Change is Not Easy

Credit: Thinkstock Do you have some bad habits or other problems you need to address?

We all have concerns or bad habits in our lives that could use some sprucing up or renovation. One of the first steps when you are considering making a change is to look at the areas of your life that you consider problematic.

Take stock of your current situation. Do you want to lose weight? Do you and your partner use a different set of rules when applying discipline? Are you using a budget and living within your means? Are you happy with your current work/life balance? Are you thinking about starting an exercise plan or general health improvements? Is your relationship unhealthy?

Change is never easy and can seem to threaten the way we think about ourselves and how we feel. Changes in behavior don’t take place in one step. Personal change takes place in stages over a period of time and learning about the “stages of change” can help you succeed in making important changes in your life. Change rarely follows a linear progression through the stages. More often people regress or go backward before they move toward their change for good.

In the book “Changing for Good” by Prochaska, Norcross and DiClemente, the authors describe six major stages of change.

  1. Pre-contemplation. In this stage, you may not even be aware that a problem exists or that a change should be made in your life. People in this stage don’t want to make any change to their habits and don’t recognize they have a problem. If you are in this stage, you are not optimistic about your ability to make change. This stage is often referred to as “denial.”
  2. Contemplation. In the contemplation stage, you have gained some knowledge about a different or new behavior. You are more aware of the need for change and are open to exploring how to make a change. In this stage, you begin to weigh the costs and benefits of a major change in your life; you are contemplating whether it’s worth it. Some people are in this stage for long periods of time. “I’ve learned about the problems connected to being overweight firsthand and think that I might need to do something about my weight.”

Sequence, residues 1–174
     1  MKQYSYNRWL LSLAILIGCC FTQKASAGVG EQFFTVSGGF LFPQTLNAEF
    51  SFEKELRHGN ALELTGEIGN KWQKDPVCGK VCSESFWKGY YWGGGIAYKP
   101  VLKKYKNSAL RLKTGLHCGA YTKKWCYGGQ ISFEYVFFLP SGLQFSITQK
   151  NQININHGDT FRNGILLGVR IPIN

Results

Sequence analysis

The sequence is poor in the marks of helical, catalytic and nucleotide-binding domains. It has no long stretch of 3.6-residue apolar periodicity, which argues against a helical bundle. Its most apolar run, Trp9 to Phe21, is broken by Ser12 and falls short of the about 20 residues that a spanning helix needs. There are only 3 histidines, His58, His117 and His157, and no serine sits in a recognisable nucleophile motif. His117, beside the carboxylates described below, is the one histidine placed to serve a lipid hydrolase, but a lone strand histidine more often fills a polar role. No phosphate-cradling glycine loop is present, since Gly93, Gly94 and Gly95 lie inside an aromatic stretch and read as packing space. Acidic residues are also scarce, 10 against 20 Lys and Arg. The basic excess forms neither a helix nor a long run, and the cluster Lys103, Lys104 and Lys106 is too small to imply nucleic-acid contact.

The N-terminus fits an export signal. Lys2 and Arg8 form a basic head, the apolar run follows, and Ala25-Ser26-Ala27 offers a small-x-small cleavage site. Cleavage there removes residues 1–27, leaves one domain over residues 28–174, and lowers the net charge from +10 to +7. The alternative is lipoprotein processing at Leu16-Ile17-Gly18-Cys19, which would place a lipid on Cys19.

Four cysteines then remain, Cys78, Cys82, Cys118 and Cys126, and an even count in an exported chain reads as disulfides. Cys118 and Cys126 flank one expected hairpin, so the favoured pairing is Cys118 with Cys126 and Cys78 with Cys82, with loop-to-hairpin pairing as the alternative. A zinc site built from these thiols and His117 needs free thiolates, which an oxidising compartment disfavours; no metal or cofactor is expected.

3. Preparation. When you are preparing for a change, you are now ready to commit to make the change and have worked to gain the skills you need to sustain a change. People in the preparation stage have a start date for the change.
  4. Action. If you are in this stage, you are ready to “take the plunge” and actually change your behavior. The action stage is the actual process of changing your lifestyle. You are at risk of relapse in this stage, so it’s important to have support and tools in place to keep you motivated. Smokers in this stage have discussed the pros and cons with a knowledgeable person and made plans for their path to a smoke-free life (set a quit date, have supplies in place, enlisted medical assistance and have enlisted a support network).
  5. Maintenance. This stage is when you have made the change and are working to sustain the change and enjoy the rewards that comes with the change. In this stage, you are living your change and it has become a new way of life. Maintenance is on-going and can be a long process. Programs that promise a “quick fix” can set you up for failure. Sustained change requires dedication to the effort.
  6. Termination. The final stage of change is our ultimate goal, such as weight maintenance, smoke-free, healthy relationship or family cohesiveness. In this stage, your persistence pays off and you have made a change for good.

Michigan State University Extension recognizes that change is not easy; real change requires education, patience, persistence and support. People often bounce back and forth between contemplation, preparation and action stages. Consider people who have tried multiple diets over the course of many years. Take baby steps; make small changes and set your own pace as you work through the stages of change in your life.






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